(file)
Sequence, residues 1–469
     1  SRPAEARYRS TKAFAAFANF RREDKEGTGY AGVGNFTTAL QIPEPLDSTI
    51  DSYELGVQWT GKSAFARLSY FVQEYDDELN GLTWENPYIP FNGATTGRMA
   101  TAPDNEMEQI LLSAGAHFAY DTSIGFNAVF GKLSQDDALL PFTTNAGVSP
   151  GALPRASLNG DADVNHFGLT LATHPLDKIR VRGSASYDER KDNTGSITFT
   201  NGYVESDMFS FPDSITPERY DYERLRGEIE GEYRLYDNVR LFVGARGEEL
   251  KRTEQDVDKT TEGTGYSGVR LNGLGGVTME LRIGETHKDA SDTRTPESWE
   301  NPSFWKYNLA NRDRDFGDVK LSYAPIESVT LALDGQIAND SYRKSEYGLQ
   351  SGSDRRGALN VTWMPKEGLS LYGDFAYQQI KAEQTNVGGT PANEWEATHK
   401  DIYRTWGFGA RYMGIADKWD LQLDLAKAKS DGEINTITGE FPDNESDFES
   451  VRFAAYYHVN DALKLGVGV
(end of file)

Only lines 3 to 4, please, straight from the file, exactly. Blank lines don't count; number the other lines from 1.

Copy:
    51  DSYELGVQWT GKSAFARLSY FVQEYDDELN GLTWENPYIP FNGATTGRMA
   101  TAPDNEMEQI LLSAGAHFAY DTSIGFNAVF GKLSQDDALL PFTTNAGVSP